In a recent National Review article, Iain Murray complains that:
Every year we are reminded how much money the government filches from us on Tax Day. However, there is no equivalent ‘Regulation Day’ to remind us the extra cost government imposes on us through pettifogging regulation. The fact is that federal regulations (never mind state and local) cost even more than the skyrocketing federal budget deficit, and help bring the federal government’s share of the economy to over 35 percent.
However, Americans for Tax Reform does calculate a “total cost of government” day each year. Here is a summary of what they found for last year:
In 2010, Cost of Government Day falls on August 19. Working people must toil 231 days out of the year just to meet all costs imposed by government -8 days later than last year and a full 32 days longer than 2008. In other words, in 2010 the cost of government consumes 63.41 percent of national income.
Many lower-income people pay little or no national income tax. Some pay very little state income tax. Of course, there are many other taxes that everyone pays, regardless of income. When you try to catalog all these, a database is required.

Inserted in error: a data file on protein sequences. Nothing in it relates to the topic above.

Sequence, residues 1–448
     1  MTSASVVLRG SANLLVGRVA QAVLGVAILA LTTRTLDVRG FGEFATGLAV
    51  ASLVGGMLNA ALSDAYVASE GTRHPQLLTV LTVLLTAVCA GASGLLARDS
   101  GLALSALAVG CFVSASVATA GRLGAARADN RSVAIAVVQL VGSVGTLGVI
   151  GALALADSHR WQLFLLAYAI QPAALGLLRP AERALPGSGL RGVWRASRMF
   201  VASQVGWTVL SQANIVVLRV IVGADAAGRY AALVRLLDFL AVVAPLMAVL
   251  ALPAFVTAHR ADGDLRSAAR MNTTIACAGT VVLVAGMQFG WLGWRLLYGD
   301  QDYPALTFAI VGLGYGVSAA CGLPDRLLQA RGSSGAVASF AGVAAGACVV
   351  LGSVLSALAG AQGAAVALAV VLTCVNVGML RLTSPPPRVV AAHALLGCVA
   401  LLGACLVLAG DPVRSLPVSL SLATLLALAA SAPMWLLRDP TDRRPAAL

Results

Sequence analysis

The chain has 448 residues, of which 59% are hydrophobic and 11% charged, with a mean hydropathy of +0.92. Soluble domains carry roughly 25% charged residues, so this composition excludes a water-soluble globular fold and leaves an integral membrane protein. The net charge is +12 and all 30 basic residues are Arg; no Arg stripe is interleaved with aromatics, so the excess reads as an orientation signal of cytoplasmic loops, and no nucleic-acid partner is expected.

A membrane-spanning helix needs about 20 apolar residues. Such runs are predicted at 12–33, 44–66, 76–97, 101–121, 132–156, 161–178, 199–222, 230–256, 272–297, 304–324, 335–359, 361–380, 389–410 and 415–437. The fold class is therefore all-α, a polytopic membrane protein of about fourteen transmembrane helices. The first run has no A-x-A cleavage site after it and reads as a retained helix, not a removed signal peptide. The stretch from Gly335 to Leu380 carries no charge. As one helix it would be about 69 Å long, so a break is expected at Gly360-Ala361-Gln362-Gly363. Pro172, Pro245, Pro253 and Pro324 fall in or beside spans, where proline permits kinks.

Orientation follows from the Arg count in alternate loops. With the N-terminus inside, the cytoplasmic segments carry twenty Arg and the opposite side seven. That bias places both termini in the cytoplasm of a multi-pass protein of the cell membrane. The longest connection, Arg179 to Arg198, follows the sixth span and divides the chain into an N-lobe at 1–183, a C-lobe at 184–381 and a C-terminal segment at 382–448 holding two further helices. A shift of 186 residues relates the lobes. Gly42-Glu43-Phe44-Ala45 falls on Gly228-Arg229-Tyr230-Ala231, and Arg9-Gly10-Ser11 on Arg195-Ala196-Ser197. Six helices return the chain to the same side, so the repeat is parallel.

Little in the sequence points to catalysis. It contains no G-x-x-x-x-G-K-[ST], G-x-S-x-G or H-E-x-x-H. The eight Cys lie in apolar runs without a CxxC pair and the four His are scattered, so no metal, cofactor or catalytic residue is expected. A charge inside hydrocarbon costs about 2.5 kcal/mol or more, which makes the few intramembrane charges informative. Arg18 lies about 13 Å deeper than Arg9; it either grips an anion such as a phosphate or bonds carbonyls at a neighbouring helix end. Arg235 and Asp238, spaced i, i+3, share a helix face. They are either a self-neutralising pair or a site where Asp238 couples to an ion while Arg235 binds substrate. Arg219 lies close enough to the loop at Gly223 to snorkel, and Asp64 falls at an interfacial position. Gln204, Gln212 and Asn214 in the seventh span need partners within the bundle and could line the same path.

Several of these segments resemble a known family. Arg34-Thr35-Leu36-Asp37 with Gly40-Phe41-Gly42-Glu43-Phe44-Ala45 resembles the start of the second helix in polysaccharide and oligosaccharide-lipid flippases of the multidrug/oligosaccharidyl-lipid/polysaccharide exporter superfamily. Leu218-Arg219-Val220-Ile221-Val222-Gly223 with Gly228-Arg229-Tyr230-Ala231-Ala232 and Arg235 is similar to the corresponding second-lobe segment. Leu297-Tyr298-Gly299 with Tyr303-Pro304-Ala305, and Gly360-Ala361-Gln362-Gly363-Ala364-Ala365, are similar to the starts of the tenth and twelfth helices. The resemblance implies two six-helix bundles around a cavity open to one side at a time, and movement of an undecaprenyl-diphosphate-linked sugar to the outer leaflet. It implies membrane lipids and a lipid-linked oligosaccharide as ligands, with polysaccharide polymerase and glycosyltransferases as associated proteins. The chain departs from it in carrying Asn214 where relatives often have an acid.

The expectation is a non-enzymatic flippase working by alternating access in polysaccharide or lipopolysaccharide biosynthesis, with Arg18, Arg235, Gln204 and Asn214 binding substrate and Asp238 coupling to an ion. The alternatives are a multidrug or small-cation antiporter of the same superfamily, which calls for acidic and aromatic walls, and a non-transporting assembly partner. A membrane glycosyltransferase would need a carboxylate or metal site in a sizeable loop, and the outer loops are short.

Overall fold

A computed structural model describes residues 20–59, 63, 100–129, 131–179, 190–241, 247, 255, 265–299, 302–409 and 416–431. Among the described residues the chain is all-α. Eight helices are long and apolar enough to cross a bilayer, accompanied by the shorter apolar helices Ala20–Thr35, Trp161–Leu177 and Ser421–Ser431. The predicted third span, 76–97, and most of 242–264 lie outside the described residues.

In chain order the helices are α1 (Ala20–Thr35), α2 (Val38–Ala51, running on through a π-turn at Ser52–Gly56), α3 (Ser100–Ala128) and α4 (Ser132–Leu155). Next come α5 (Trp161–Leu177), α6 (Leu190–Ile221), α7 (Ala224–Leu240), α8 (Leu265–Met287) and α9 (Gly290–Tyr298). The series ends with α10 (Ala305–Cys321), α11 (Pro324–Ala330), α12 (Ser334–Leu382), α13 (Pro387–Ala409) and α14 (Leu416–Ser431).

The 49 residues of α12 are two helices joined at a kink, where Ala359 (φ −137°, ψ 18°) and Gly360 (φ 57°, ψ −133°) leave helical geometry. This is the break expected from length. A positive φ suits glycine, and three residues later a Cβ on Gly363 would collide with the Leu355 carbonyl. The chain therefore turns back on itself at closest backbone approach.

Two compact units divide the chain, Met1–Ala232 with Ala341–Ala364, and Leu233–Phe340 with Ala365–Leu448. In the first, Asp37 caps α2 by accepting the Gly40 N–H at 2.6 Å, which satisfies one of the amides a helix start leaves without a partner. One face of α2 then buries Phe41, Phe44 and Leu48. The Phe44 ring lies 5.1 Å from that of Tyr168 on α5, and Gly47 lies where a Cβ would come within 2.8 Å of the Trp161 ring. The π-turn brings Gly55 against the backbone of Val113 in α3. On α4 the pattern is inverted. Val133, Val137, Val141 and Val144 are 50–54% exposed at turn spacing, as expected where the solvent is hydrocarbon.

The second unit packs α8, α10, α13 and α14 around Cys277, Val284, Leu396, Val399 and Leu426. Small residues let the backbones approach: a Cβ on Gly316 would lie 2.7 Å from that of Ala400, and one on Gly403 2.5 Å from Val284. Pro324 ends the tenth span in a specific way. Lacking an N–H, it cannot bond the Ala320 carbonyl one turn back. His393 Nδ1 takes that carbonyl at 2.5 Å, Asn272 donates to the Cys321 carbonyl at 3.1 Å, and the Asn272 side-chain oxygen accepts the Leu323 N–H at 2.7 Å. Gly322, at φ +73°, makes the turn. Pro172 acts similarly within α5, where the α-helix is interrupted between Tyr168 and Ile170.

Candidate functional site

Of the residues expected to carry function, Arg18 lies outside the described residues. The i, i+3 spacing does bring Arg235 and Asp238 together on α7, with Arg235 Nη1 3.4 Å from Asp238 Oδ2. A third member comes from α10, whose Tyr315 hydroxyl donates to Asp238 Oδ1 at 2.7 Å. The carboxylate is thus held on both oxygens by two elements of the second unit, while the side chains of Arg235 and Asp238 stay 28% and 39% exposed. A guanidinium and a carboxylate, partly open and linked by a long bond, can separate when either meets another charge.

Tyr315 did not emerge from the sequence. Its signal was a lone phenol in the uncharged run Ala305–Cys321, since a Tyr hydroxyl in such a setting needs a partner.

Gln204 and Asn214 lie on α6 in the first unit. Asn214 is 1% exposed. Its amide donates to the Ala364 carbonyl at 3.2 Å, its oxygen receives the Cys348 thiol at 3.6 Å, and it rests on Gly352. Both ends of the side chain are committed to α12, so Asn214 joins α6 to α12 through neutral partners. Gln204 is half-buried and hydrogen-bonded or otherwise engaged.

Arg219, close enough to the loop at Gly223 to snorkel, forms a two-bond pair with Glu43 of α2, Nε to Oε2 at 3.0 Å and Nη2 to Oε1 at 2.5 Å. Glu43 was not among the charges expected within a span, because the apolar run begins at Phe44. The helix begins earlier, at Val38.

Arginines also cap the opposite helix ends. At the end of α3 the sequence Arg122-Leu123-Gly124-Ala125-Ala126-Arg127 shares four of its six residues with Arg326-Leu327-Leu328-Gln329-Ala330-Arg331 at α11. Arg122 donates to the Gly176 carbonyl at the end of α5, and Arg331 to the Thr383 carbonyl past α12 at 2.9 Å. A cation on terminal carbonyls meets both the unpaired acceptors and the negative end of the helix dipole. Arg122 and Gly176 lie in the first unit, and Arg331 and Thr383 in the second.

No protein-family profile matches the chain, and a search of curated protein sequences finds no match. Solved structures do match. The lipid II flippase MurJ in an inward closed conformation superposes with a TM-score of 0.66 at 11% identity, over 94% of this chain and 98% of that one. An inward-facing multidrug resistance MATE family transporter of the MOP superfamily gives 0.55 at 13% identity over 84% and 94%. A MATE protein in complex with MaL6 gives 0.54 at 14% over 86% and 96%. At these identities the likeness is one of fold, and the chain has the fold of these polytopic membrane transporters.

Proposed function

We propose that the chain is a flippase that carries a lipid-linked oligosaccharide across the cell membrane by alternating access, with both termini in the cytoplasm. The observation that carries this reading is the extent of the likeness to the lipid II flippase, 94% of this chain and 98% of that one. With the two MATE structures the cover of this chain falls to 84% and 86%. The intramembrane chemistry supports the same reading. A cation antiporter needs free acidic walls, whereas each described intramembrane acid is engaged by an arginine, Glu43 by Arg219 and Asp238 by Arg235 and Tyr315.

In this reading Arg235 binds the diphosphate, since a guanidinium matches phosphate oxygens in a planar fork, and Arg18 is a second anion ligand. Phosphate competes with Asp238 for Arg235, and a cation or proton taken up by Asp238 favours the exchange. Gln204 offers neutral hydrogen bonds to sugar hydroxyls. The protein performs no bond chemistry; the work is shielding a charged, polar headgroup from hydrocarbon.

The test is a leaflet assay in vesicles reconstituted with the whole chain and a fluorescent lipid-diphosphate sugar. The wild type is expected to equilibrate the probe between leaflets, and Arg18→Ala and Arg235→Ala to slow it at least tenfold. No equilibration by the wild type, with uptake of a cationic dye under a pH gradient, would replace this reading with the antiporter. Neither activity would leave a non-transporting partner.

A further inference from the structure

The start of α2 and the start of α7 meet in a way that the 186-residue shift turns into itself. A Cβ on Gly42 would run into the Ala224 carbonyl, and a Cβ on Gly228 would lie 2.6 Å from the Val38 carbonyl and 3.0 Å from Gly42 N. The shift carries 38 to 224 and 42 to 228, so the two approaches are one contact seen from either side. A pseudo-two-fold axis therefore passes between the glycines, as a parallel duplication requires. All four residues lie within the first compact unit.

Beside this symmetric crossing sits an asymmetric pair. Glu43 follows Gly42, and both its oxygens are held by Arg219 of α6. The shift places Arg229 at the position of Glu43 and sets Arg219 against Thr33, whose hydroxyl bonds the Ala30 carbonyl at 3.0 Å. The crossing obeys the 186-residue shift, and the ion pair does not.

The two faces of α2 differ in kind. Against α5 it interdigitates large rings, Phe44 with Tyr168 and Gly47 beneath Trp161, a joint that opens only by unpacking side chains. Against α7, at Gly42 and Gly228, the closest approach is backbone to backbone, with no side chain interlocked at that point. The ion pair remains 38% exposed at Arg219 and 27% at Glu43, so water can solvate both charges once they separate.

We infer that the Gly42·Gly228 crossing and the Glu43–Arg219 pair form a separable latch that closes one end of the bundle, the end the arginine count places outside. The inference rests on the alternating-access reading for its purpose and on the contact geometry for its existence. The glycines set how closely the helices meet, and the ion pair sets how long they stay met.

But beyond all the taxes – and they are legion – there is the cost of government imposed on everyone via regulations. These regulations simply (?) makes many things much more expensive than they would otherwise be.
But these regulations certainly make many things unavailable to us. Of course, “things that might have been” are difficult to imagine sometimes. But when regulations inhibit human creative activity, it is inevitable that those regulations also preclude the development of many ideas that might have been useful things.
But these things remain forever unseen – which is exactly what purveyors of government regulation want. So last we were slaves of the state, on average, for 231 of the 365 days available to us. Not only that, but we slaves of the state worked in a world missing some amazing things that might have been.